Haselkorn, a biophysicist by training, also serves as chairman of D-Pharm, Ltd. in Tel Aviv, which recently signed an exclusive license agreement with large license fees, milestone payments and investments from Shire Pharm aceuticals Group plc, of Andover, UK, to exclusively develop and market DP-VPA (designated SPD 421 by Shire), D-Pharm's new high-potency, low-toxicity analogue of valproic acid, which just completed Phase I studies successfully.

The Clal consortium also owns 28 percent of Compugen, Ltd., of Tel Aviv; 38 percent of Haifa-based Polyheal, Ltd.; 15 percent of NST, of Petach Tikvah, specializing in "interventions in the processes of cell death," with Haselkorn as its chairman. Haselkorn is working on a deal that could be worth over $100 million, including future royalties, with a leading European pharmaceutical firm.

Haselkorn sees Israeli firms active in harnessing the results of the Human Genome Project, but realizes that this could occur in stages and in multiple steps. "Some Israeli firms, like Compugen or QBI, Ltd. in Rehovot, could make essential methodological bioinformatic contributions to analyzing post-translational processes, protein variations in different tissues, in healthy and in diseased conditions." He sees other companies as "major players in protein-directed drug discovery, e.g., tailored to a specific protein encoded by an oncogene or other disease-related gene," such as Interpharm Ltd. in Tel Aviv, and Biotechnology General and XTL Ltd., both in Rehovot.

But Haselkorn wants to help make sure that Israel is prepared on a national level to harvest new information compiled from the research on human gene mapping. "We can already think about the creation of private consortia involving Israeli research firms able to cooperate on an international level. Government policy - not preferential government money - can provide the right investment conditions to allow Israeli firms to play a greater direct role in such research and development projects, and with an understanding and ability to ride through the financial investments and risk entailed," he told BioWorld International.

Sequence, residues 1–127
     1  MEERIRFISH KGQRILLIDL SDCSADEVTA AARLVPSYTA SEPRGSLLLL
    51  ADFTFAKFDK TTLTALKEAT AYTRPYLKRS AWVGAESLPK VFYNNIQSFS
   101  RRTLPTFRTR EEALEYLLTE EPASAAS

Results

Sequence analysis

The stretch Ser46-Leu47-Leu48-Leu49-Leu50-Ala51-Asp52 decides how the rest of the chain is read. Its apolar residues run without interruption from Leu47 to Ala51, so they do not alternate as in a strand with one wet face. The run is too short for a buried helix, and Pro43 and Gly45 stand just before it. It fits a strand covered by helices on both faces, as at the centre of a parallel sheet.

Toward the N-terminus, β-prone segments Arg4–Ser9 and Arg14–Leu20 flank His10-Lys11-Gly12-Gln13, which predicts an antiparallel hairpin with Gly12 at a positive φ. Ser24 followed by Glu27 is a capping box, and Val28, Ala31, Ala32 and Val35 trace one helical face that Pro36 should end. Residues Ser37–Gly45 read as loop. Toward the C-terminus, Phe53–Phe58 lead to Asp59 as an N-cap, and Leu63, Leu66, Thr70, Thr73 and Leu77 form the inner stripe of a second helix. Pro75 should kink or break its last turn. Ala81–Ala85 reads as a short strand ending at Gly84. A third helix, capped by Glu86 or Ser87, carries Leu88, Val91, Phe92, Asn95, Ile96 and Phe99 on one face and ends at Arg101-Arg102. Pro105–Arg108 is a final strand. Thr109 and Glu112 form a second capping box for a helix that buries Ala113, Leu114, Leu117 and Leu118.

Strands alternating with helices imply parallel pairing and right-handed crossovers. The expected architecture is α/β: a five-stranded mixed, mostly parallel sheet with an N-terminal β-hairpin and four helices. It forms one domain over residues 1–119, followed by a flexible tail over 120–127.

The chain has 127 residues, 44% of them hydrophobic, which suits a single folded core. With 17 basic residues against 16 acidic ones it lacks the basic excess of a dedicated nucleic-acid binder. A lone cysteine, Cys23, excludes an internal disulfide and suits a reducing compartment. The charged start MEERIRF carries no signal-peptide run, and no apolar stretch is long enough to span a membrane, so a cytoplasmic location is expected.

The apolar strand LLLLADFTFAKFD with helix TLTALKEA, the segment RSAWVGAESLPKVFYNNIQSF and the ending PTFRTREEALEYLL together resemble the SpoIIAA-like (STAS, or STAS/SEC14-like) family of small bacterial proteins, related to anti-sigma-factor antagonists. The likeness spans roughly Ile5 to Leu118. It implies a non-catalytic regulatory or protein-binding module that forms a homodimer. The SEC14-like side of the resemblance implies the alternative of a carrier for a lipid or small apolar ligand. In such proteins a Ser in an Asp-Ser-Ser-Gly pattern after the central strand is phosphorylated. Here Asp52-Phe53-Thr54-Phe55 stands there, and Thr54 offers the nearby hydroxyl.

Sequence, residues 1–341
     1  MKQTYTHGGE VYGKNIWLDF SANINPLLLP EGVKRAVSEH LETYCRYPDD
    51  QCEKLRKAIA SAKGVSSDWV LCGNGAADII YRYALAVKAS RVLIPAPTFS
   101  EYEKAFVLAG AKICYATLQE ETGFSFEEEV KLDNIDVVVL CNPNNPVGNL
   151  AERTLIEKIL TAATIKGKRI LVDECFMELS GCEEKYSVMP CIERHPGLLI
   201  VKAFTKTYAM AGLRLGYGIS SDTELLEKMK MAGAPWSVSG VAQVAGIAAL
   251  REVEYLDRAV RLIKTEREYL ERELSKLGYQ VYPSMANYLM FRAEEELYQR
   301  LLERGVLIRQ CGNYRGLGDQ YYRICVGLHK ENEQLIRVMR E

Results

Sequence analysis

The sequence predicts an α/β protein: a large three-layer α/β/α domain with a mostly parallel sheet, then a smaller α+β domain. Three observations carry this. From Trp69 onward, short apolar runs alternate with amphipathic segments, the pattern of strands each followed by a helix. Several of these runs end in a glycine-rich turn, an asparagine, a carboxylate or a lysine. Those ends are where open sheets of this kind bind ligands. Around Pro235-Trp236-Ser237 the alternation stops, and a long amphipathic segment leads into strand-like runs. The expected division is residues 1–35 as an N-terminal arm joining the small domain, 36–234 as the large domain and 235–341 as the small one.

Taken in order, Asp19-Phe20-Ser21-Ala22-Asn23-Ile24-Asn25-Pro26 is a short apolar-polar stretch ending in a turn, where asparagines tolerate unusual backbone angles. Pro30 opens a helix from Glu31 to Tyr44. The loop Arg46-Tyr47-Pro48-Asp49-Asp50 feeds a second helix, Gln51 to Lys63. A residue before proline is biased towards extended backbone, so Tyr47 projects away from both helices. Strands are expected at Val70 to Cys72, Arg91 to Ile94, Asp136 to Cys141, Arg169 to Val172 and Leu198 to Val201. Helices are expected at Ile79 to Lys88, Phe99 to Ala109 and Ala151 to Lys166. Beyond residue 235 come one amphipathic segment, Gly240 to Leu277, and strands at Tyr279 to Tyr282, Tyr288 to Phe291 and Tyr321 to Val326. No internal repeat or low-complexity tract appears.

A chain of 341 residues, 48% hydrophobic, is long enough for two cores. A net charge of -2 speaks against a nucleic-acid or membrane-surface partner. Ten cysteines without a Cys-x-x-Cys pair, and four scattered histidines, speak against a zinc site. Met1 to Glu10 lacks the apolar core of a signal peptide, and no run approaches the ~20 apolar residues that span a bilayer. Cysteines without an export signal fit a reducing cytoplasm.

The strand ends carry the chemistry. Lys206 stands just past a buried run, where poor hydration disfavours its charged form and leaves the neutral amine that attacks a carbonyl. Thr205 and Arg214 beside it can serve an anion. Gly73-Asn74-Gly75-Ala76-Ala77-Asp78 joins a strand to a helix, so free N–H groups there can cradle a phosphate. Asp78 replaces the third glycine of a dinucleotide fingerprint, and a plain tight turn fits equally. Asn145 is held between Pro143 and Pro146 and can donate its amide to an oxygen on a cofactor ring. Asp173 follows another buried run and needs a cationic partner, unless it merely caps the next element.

"We cannot stand on the side and wait for Prince Charming, some international giant pharma ready to set up a research and development institute here. Today, there is a greater awareness and willingness on the part of venture capital and investment firms to invest in biotech locally. And, we come with local understanding of the difficulties that the sector experiences, its needs in terms of skilled manpower, management, as well as strategic cooperation and globalization," he says.

In short, biotechnology has a potentially stunning growth curve that can help all other industrial sectors. His idea is "to follow a neutral policy in giving support to all worthy sectors, instead of prioritizing one sector, but to invest in large, even massive, national infrastructure projects combining several sectors that no single institution alone can muster. Allocating $100 million to $150 million over the next five years to such a national multidisciplinary project would facilitate tremendous leaps of technologies, and of actual product realization." He points to bioelectronics, fusing developments in computer technology, microelectronics, electroptics, and biology, for the development of biochips, computer elements, sensors, nanotechnology, and other undreamed-of applications.